The process of raising the world’s food has not always been kind to the environment. Many of the adverse environmental impacts resulting from agriculture are connected either to the loss of natural habitat that occurs when land is converted to agricultural purposes or to the use (or misuse) of pesticides and fertilizers. Yet soil degradation has also been a factor, and one with implications for food production as well.
By 1990, poor agricultural practices had contributed to the degradation of 562 million hectares, about 38 percent of the roughly 1.5 billion hectares in cropland worldwide . (See Degraded Soil Means Less Food.) Some of this land was only slightly degraded, but an appreciable amount was damaged severely enough to impair its productive capacity or to take it out of production completely. Since 1990, losses have continued to mount year by year, with an additional 5 million to 6 million hectares lost to severe soil degradation annually .
|Degraded Soil Means Less Food|
|Human-Induced Soil Degradation by Region and by Cause, 1945 to Late 1980s|
Source: World Resources Institute in collaboration with the United Nations Environment Programme and the United Nations Development Programme, World Resources 1992-93 (Oxford University Press, New York, 1992), Table 19.4, p. 290.
Degradation comes in several forms, the best known of which is soil erosion. Most soil erosion – about two thirds – is caused by water washing away topsoil, with another third caused by wind . One analysis of global soil erosion estimates that, depending on the region, topsoil is currently being lost 16 to 300 times faster than it can be replaced . Soil-making processes are notoriously slow, requiring from 200 to 1,000 years to form 2.5 centimeters of topsoil under normal agricultural conditions .
Farmland can be degraded in several other ways besides erosion. Physical degradation from mechanical tilling can lead to soil compaction and crusting. Repeated cropping without sufficient fallow periods or replacement of nutrients with cover crops, manure, or fertilizer can deplete soil nutrients. In addition, overapplication of agricultural chemicals can kill beneficial soil organisms .
Poor water management on irrigated cropland is a leading cause of degraded farmland. Inadequate drainage can lead to waterlogging of the soil or to salinization, in which salt levels build up in the soil to toxic levels. With some 10 to 15 percent of all irrigated land suffering some degree of waterlogging and salinization, these two problems alone represent a significant threat to the world’s productive capacity . (See Food Supply Increasingly Relies on Irrigation.)
Often, when climate and human activities combine to turn once-healthy soil into wasteland, the degradation is seemingly irreversible. However, many forms of degradation can be remedied through painstaking reconstruction of the soil’s health .
How much has damage to the world’s arable lands affected global food supply? Because total global food production has continued to increase over the years even in the face of significant soil degradation, it is tempting to view soil decline as a minor matter. However, factors such as increased fertilizer use, extension of irrigated lands, and higher cropping densities have masked the effects of soil degradation so far. Substantial yield losses have already occurred in certain regions, though few studies have attempted to quantify these losses. One 1994 study estimated that soil degradation between 1945 and 1990 lowered world food production some 17 percent . Regional studies have localized these losses. In Africa, production losses from soil erosion alone are estimated at just over 8 percent . Data from several different studies indicate that the decline in productivity resulting from soil degradation may exceed 20 percent in a number of Asian and Middle Eastern countries .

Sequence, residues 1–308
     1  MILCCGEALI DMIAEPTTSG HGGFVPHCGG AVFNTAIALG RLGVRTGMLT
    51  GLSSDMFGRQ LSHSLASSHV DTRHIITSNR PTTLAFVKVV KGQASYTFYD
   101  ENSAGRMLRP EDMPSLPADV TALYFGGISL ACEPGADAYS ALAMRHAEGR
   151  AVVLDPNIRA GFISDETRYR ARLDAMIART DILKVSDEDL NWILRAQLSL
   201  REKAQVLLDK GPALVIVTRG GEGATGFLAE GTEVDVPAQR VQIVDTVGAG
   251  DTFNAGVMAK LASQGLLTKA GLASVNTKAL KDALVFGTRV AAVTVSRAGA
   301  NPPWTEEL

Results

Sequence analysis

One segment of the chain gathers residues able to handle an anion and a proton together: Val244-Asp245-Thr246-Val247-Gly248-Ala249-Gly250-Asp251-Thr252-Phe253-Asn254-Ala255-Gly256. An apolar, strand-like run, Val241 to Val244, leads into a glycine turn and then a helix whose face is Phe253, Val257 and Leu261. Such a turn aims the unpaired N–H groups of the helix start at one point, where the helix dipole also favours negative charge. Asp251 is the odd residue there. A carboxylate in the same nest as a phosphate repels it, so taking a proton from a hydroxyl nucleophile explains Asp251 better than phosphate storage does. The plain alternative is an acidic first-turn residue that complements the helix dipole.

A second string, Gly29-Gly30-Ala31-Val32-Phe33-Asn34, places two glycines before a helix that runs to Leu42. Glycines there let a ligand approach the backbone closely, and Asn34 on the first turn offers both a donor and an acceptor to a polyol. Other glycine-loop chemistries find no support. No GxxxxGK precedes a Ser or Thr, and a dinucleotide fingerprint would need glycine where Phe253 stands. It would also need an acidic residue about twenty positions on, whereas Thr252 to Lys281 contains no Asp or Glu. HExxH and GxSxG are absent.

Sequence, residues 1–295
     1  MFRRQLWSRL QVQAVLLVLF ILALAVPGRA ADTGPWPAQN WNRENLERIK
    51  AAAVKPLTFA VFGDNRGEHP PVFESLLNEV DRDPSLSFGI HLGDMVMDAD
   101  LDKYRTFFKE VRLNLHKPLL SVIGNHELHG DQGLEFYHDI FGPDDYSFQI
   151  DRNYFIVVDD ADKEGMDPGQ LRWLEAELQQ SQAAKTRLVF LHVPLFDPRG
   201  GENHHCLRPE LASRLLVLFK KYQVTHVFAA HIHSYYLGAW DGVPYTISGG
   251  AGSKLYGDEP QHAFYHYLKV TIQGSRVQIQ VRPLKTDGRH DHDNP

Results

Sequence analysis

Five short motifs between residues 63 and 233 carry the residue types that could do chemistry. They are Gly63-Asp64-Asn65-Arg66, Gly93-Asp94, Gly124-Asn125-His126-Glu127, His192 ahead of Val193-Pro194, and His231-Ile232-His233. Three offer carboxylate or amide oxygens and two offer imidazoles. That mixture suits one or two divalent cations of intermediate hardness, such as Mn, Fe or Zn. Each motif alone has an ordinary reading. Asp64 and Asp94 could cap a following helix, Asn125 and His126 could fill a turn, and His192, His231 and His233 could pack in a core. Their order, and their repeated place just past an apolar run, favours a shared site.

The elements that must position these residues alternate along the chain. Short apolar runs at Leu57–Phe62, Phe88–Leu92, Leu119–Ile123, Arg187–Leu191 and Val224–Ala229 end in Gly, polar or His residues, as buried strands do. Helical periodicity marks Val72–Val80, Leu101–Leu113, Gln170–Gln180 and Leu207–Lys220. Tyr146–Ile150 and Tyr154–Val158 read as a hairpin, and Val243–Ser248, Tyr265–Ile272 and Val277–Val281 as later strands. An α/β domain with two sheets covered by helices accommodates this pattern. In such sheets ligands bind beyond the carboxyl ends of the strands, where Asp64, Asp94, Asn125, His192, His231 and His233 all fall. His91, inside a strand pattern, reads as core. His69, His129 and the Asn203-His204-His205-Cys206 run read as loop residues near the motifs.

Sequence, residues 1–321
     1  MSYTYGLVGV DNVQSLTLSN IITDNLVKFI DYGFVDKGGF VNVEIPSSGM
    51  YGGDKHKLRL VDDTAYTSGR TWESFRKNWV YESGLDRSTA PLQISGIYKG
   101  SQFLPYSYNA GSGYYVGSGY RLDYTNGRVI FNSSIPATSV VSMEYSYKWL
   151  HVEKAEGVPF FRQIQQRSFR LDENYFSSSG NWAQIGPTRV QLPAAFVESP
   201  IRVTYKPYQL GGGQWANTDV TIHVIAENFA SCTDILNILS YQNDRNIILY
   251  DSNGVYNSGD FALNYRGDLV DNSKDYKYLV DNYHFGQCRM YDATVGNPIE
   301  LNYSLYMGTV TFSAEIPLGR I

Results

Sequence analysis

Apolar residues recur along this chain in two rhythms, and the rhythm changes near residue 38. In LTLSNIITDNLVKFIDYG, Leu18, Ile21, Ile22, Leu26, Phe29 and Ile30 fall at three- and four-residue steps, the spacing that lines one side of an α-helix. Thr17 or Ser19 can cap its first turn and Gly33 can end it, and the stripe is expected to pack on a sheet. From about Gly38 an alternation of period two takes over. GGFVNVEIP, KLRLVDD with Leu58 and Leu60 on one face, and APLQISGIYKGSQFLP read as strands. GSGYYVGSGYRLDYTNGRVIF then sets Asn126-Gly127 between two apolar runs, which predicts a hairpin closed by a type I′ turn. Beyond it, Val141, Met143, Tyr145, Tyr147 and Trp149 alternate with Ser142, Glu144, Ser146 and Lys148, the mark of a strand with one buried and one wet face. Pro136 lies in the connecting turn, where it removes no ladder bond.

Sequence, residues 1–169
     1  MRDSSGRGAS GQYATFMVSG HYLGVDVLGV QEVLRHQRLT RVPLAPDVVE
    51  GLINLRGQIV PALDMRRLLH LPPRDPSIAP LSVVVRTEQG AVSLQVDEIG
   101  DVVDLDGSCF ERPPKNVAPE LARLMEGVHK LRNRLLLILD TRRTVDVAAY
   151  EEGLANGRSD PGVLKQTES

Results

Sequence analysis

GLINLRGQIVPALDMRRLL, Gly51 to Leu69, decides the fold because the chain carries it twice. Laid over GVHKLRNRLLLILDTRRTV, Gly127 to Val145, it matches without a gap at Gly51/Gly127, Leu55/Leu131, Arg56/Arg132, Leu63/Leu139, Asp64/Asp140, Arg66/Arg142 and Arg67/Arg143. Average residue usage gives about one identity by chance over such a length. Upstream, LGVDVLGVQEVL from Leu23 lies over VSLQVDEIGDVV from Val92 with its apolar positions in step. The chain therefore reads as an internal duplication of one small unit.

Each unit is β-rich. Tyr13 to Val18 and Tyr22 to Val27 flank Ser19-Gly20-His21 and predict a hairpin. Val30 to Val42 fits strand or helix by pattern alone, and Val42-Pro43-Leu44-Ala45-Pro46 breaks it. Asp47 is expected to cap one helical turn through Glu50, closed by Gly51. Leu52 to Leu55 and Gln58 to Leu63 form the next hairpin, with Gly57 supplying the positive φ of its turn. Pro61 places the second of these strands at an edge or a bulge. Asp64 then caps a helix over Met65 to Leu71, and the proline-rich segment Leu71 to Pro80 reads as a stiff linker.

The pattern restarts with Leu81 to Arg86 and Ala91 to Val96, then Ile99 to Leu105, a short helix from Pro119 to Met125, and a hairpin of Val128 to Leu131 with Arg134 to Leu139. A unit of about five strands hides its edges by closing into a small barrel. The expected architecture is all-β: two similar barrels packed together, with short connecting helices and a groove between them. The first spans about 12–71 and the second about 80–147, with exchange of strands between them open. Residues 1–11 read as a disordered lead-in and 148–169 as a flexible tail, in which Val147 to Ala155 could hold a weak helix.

References and notes
1. L.R. Oldeman, “The Global Extent of Soil Degradation,” in Soil Resilience and Sustainable Land Use (CAB International, Oxon, U.K., 1994), p. 115.
2. United Nations Environment Programme (UNEP), Global Environment Outlook (Oxford University Press, New York, 1997), p. 236.
3. World Resources Institute in collaboration with the United Nations Environment Programme and the United Nations Development Programme, World Resources 1992-93 (Oxford University Press, New York, 1992), p. 114.
4. C. Barrow, Land Degradation (Cambridge University Press, Cambridge, U.K., 1991), cited in Henry Kendall and David Pimentel, “Constraints on the Expansion of the Global Food Supply,” Ambio, Vol. 23, No. 3 (1994), p. 200.
5. Henry Kendall and David Pimentel, “Constraints on the Expansion of the Global Food Supply,” Ambio, Vol. 23, No.3 (1994), p. 200.
6. Op. cit. 3, p. 115.
7. Nikos Alexandratos, ed., World Agriculture: Towards 2010 (Food and Agriculture Organization of the United Nations and John Wiley and Sons, Chichester, U.K., 1995), p. 359.
8. Sara Scherr and Satya Yadav, Land Degradation in the Developing World: Implications for Food, Agriculture, and the Environment to 2020, a synthesis of recommendations from an international workshop; Food, Agriculture, and the Environment Discussion Paper No. 14 (International Food Policy Research Institute, Washington, D.C., 1996), p. 3.
9. Pierre Crosson, “Degradation of Resources as a Threat to Sustainable Agriculture,” paper presented at the first World Congress of Professionals in Agronomy, Santiago, Chile, September 5-8, 1994.
10. Rattan Lal, “Erosion-Crop Productivity Relationships for Soils of Africa,” Soil Science Society of America Journal, Vol. 59, No. 3 (1995), pp. 661-667.
11. Op. cit. 8, pp. 1-2.